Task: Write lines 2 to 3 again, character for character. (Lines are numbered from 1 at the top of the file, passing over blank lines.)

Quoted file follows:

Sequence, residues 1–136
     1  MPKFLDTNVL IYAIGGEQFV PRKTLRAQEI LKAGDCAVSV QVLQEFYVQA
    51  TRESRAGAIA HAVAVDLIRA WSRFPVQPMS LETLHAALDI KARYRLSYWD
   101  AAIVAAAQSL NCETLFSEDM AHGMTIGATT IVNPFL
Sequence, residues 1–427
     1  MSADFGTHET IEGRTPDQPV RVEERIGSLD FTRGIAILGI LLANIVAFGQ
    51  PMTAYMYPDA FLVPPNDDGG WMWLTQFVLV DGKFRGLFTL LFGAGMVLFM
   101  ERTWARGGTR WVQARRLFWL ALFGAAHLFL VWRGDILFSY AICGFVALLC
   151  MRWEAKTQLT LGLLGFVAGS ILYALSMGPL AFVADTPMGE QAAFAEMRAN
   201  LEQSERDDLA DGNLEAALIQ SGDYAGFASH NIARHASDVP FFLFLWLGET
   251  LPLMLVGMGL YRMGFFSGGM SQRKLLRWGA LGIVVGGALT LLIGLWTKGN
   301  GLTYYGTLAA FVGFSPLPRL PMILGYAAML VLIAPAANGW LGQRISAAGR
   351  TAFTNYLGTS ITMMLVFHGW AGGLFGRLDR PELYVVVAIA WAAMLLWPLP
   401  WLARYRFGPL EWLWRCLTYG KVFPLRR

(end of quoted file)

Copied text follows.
     1  MPKFLDTNVL IYAIGGEQFV PRKTLRAQEI LKAGDCAVSV QVLQEFYVQA
    51  TRESRAGAIA HAVAVDLIRA WSRFPVQPMS LETLHAALDI KARYRLSYWD